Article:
Robin Williams suicide has again brought the issue of depression to the forefront.
Depression is not the easiest thing to overcome, it typically takes a number of steps. The important first step is to realize that there are steps we can take and to not take on victim thinking concerning this problem.
If we aren’t careful we can take on a victim mentality when it comes to healing depression. This means thinking, “Mental illness is just too difficult. Unless God supernaturally heals the person there’s no hope.”
There’s a lot of focus these days on people not understanding mental illness. This came out a lot when Rick Warren’s son committed suicide. “Don’t judge” became a marker of proper Christian compassion.
Of course, it is true, we should not judge. I haven’t walked in Rick Warren’s shoes nor in the place his son walked. Mental illness often does involves actual organic issues, physical chemical imbalances in the brain. Yes, this does need physical healing. However, we can’t stop there or we may move into a victim posture.
Many times, when the conditions of healing are present, physical healing happens.
The Conditions for Healing to Overcome Depression
Depression always involves negative thinking. Some have described it as anger turned inward. The condition for healing is resolving this negative thinking.
Why do people have negative thinking, self-anger, and feelings of hopelessness?
People have these things because of unresolved emotional issues in their lives, usually things from their past they haven’t dealt with that have been avoided and pushed down. Unfortunately the church so often takes a deliverance only approach toward healing, meaning that we seek to cast something out – anger, rejection, hopelessness, etc. – or pray something in – physical healing. This is, of course, good in as far as it goes. But the Bible is clear that God also wants us to deal with our heart issues.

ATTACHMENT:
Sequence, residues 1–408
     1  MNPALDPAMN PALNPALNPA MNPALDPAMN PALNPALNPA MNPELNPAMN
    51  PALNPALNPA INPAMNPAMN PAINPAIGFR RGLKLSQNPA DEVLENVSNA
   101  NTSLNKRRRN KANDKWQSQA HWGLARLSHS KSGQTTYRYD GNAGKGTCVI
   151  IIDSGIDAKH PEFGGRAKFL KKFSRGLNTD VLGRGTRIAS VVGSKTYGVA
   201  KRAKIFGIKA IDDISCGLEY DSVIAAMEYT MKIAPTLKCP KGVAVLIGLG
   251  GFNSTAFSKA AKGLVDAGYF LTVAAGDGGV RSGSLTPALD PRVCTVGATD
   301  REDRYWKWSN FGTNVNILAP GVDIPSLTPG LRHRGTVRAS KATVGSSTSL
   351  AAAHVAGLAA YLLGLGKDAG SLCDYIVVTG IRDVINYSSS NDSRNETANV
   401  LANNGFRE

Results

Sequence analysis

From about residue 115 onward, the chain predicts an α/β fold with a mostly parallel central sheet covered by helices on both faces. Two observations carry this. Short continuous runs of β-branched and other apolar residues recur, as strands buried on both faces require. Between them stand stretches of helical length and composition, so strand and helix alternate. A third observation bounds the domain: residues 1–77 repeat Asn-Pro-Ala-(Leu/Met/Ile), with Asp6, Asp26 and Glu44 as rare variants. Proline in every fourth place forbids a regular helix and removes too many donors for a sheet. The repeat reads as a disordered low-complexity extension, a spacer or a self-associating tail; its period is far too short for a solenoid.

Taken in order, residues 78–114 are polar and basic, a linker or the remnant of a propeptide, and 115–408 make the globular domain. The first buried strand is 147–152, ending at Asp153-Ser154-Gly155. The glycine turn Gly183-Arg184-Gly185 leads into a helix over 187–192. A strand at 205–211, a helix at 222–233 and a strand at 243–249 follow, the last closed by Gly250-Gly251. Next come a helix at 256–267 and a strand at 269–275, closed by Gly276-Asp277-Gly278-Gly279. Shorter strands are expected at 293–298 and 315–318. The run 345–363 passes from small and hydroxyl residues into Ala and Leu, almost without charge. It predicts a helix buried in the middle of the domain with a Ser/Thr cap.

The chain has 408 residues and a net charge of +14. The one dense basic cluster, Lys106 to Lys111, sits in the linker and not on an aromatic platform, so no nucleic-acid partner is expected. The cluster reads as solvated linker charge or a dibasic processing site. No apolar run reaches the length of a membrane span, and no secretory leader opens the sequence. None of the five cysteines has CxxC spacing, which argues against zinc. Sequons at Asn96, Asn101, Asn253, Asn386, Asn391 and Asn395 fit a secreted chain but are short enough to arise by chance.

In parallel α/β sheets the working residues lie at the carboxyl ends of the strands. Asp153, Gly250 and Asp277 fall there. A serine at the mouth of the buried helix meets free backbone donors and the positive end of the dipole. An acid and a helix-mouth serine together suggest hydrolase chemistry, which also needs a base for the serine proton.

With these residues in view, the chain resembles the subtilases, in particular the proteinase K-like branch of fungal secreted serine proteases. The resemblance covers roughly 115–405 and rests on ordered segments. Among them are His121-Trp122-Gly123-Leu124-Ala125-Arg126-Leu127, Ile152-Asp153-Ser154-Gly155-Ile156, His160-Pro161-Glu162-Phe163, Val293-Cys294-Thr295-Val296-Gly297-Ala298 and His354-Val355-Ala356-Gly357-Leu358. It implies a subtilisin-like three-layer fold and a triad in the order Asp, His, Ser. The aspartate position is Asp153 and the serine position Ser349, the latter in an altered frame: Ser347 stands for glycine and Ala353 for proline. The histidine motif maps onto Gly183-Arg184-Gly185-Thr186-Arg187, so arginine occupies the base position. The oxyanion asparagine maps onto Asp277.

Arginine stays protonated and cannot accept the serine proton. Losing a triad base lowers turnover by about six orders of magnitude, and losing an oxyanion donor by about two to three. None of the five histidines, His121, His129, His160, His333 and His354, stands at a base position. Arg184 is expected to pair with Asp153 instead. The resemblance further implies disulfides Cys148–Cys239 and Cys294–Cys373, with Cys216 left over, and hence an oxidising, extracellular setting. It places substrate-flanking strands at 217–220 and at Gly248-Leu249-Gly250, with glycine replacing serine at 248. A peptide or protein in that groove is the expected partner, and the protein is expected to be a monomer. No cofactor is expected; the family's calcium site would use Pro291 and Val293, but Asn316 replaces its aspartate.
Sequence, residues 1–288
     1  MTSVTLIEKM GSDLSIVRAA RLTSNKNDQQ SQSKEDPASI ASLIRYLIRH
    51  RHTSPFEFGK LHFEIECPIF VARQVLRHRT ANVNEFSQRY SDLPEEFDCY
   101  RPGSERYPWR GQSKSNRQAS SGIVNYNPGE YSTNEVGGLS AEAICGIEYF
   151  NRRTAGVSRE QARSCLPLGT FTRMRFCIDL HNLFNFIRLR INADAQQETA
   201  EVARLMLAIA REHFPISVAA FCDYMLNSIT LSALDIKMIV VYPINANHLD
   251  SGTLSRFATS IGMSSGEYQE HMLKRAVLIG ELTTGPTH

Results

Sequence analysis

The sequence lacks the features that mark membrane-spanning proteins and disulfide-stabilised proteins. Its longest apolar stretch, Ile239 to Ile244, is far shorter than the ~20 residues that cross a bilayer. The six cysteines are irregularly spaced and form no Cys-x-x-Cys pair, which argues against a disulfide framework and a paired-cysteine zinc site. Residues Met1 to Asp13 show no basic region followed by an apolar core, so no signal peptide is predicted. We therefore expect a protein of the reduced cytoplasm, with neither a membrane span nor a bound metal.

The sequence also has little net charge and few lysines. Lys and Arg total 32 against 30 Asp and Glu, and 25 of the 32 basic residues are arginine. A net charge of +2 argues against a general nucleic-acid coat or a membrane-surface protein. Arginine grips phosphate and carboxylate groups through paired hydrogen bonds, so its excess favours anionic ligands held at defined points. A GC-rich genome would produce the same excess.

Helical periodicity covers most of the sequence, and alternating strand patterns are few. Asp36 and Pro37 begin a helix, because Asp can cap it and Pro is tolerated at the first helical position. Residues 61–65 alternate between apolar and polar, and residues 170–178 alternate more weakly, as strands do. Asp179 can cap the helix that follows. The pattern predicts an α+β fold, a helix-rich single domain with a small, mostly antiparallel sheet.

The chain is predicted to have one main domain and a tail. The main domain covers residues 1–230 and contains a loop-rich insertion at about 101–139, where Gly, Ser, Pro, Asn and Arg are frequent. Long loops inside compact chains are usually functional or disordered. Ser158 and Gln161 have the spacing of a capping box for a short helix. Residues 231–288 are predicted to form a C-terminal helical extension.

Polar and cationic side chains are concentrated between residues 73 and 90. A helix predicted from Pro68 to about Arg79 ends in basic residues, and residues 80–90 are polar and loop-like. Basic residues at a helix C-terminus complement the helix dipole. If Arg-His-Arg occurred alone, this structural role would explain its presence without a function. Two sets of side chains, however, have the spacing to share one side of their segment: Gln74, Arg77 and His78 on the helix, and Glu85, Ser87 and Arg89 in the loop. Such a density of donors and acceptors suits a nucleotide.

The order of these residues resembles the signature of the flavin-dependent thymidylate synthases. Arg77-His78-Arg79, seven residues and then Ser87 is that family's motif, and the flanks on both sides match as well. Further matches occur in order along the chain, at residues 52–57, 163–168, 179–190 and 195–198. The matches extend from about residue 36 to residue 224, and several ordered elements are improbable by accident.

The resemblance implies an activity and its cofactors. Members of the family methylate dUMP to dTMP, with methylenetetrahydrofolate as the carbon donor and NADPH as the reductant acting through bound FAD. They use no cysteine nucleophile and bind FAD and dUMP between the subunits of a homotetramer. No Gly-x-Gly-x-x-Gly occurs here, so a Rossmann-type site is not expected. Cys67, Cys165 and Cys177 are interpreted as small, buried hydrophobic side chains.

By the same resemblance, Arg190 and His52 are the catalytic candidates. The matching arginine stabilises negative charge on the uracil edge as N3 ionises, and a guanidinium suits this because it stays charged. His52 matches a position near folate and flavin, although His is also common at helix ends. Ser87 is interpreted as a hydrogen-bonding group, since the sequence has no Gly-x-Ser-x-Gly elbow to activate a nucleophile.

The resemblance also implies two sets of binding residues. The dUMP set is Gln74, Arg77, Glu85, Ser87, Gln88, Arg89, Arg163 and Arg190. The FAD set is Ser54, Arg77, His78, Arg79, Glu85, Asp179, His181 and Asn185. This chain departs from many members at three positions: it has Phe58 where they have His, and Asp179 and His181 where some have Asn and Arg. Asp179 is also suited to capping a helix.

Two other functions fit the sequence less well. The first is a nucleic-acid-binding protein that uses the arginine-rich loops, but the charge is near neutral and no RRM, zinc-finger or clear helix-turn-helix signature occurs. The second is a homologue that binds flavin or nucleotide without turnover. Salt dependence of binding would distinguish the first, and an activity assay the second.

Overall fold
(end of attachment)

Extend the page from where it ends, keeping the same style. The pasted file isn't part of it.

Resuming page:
Luke 6:45 – A good man out of the good treasure of his heart brings forth good; and an evil man out of the evil treasure of his heart brings forth evil. For out of the abundance of the heart his mouth speaks.
Proverbs 4:23 – Keep your heart with all diligence; for out of it are the issues of life.
If someone hurts you emotionally, there’s a biblical way to deal with it. If you fail at something and experience loss and disappointment, there’s a biblical way to deal with it.
I’m not referring to denying our emotions or casting something out. I’m talking about coming to terms with something hurtful that has happened. This means knowing that God is good and that He loves you regardless of what has happened to you. If recurring negative thoughts persist, it indicates this is still being worked out in your heart.
Ideally this “coming to terms” should happen naturally in healthy Christian families. Hurtful events are discussed, love is affirmed, loss is processed, and your worth is validated. However, if we didn’t grow up in this type of family, these skills still should be learned.
Fruit and Root
The key to helping those with depression is to get to the root of the problem through prayer ministry and not just focus on casting out the fruit.
If you have a lifetime of unresolved issues it’s going to manifest somehow. (If a car is consistently given unclean gasoline it’s going to sputter.) These issues could manifest in ways such as depression, addiction, fears and phobias, etc.
God wants to move in His power and supernaturally touch us, and He also wants us to mature and deal with our heart issues and not allow them to fester.
Will dealing with unresolved issues always heal depression? Probably not. But it will sure help much of the time.
We would love to hear from you. Was this post helpful? Are there topics you’d like to hear more about? Any questions?
- Overcoming Loss and Grief Impacts Your Experience in Father’s Love
- It is Normal to Need Ministry, Finding Freedom from Depression, Anxiety, and Brokenness
- Prayer Ministry Simplicity
- 6 Prefrontal Cortex Benefits on Emotional Health
- Dealing With The Anger Stronghold
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